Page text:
First, click on ‘Go to Setup’. Once you’ve added any additional users (ignore this if you’re the only person using the account), select ‘I added all user email addresses currently using @domainname.com’ and click ‘Next’.
3. Verify Ownership of Your Domain Name
G Suite will then ask you to verify ownership of your domain name by adding the TXT record for it. The specific process for this will depend on your domain host. G Suite will try to detect your domain host (e.g. Hostinger) and then give you the relevant step-by-step instructions for it.
If you purchased the domain through Google when first setting up your G Suite account, it should be verified automatically.
4. Link Your Domain’s MX Records
MX records route emails sent to your domain to the right mail server, i.e. G Suite. G Suite provides domain host-specific instructions to link your domain’s MX records to G Suite. You will need to open a new tab, sign in to your domain host and find the MX record settings.
After deleting any existing MX records, you can then add new MX records for G Suite and save your changes.
5. Finalise Your Business Email Address
To finalise everything, go back to the G Suite Admin page. Click ‘Active’ in the ‘Activate Gmail for domainname.com’ tab.
Once you’ve checked that you’ve created all existing email addresses, click ‘Continue’. Then click ‘Activate Gmail’ at the bottom of the next page.
How to Get a Business Email Address – Alternatives to G Suite
There are various alternatives to G Suite that may be worth considering depending on your business’s needs.
For those wanting an integrated suite of business tools with a preference for Microsoft Office products, Office 365 Business is a good option to consider. There are also various other companies offering integrated cloud-based application suites for businesses, including email hosting functionality, such as Zoho or Bitrix24. None of us at Sophical Content use any of these however, so we can’t vouch for the quality of their service. However, G Suite has been an integral part of Chris’ setup, so we can speak from experience on it!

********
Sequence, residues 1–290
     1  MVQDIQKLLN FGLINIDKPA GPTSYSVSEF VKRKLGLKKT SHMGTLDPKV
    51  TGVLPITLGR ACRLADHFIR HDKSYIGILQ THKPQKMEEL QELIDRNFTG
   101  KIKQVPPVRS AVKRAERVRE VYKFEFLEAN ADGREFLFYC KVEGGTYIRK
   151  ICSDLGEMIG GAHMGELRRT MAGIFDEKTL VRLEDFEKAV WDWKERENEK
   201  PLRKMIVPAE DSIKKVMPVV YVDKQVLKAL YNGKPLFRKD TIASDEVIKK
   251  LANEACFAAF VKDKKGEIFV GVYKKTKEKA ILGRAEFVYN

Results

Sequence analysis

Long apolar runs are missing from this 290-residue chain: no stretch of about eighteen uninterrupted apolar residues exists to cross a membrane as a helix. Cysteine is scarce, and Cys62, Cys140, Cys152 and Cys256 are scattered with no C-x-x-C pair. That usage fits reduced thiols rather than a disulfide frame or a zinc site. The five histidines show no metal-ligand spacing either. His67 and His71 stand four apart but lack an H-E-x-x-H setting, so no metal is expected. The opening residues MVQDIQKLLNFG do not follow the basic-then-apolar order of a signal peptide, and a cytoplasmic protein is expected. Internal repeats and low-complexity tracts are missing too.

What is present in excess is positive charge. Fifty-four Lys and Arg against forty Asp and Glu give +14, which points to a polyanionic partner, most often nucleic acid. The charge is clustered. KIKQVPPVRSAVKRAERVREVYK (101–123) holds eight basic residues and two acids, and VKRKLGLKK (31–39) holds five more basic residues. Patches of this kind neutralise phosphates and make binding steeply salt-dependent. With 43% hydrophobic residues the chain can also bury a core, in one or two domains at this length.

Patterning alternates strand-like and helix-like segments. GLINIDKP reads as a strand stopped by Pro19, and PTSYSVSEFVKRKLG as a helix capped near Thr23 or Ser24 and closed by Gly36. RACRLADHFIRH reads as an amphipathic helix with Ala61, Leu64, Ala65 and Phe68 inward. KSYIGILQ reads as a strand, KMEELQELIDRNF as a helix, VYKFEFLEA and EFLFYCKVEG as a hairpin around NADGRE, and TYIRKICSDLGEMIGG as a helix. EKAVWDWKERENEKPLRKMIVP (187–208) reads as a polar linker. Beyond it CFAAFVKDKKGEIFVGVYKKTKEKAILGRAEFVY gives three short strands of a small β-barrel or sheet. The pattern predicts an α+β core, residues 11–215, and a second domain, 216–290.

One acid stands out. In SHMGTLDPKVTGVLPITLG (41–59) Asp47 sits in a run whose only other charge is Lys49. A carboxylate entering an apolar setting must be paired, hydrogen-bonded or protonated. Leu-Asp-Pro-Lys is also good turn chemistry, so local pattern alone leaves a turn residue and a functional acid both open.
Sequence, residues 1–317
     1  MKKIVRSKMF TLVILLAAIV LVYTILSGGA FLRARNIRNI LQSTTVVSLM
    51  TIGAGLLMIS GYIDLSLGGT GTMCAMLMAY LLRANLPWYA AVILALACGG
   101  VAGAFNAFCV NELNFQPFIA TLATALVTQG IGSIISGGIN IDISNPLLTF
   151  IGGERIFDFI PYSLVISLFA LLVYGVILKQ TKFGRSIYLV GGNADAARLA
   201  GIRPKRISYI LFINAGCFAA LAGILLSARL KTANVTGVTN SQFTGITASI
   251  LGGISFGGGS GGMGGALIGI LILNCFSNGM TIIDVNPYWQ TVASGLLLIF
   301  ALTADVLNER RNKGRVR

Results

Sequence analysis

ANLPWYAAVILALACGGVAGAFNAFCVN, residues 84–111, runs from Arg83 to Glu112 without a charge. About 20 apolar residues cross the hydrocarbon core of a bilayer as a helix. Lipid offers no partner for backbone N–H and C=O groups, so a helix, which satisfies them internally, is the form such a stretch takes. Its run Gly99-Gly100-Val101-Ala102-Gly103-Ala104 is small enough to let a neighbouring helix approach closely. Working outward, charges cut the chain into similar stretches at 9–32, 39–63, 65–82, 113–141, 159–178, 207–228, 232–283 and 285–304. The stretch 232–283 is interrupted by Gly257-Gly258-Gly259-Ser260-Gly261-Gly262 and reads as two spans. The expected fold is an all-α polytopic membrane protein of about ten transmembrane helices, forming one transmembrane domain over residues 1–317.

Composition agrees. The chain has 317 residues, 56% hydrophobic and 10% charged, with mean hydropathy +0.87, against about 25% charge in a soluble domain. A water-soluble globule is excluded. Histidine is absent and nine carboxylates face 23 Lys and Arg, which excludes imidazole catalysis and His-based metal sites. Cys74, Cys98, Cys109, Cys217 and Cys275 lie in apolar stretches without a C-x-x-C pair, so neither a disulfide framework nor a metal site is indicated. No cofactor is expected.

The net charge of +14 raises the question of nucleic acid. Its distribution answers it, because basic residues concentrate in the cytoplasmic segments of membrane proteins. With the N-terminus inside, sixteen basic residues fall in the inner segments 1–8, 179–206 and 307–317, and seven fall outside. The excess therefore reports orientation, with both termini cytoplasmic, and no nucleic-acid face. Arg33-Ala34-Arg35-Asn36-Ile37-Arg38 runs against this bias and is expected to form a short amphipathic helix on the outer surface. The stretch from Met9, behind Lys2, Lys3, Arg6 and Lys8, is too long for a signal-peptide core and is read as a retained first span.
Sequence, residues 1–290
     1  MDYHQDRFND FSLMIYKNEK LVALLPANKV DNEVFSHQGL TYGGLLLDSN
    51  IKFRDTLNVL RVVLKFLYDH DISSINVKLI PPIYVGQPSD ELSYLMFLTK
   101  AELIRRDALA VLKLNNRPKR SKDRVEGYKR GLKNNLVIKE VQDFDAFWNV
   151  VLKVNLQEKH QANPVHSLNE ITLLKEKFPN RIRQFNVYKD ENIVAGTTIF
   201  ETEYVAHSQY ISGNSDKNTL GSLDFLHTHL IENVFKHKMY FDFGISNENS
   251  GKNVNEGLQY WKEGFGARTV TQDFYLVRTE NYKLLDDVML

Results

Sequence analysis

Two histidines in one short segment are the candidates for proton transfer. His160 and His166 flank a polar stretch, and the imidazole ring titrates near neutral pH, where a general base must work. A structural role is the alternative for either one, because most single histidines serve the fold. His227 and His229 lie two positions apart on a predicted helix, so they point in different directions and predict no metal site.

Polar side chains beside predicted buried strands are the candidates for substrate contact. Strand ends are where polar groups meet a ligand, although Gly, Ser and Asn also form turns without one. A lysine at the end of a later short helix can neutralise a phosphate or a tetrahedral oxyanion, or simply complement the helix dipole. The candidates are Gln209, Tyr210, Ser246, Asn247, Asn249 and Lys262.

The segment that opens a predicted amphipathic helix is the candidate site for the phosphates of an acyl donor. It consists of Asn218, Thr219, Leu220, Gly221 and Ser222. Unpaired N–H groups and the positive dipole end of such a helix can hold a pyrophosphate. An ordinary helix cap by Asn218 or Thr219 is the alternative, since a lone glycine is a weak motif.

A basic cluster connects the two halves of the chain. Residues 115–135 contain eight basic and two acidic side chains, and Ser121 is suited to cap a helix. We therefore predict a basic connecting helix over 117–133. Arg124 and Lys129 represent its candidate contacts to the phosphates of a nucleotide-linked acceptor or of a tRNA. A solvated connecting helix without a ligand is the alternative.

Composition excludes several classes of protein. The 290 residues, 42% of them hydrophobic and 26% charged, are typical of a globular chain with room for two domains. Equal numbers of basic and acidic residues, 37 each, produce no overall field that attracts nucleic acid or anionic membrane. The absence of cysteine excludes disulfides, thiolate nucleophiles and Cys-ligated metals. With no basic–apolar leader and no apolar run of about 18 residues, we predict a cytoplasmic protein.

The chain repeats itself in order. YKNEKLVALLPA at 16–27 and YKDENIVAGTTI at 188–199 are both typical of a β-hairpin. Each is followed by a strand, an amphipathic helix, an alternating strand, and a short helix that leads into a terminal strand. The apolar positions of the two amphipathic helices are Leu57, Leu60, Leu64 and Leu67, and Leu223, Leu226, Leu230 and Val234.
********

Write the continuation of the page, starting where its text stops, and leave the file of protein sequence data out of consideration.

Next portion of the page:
If you already have a domain name, check what your hosting service offers in terms of email integration. Some include a business email address as part of their hosting package and others may charge a small additional fee. Hostinger is one example of this. You can learn more about Hostinger in this article. If you’re unsure what kind of hosting package is right for you, check out our full guide here.
There are also a growing number of companies offering standalone email hosting services such as Rackspace or Fastmail. Which one you choose is entirely dependent on your business’ needs. For a great all-round solution, G Suite is an excellent choice! Plus, if you click this link and use code one of the two codes below, you’ll get 10% off your first year on Google Workspace!
10% off Business Starter Plan: 3AY9RHWXCWAFGWF
10% off Business Standard Plan: 977GTPALRM47KAJ
If you want more tips for creating and growing your digital business, check out the rest of our articles on the Sophical Blog.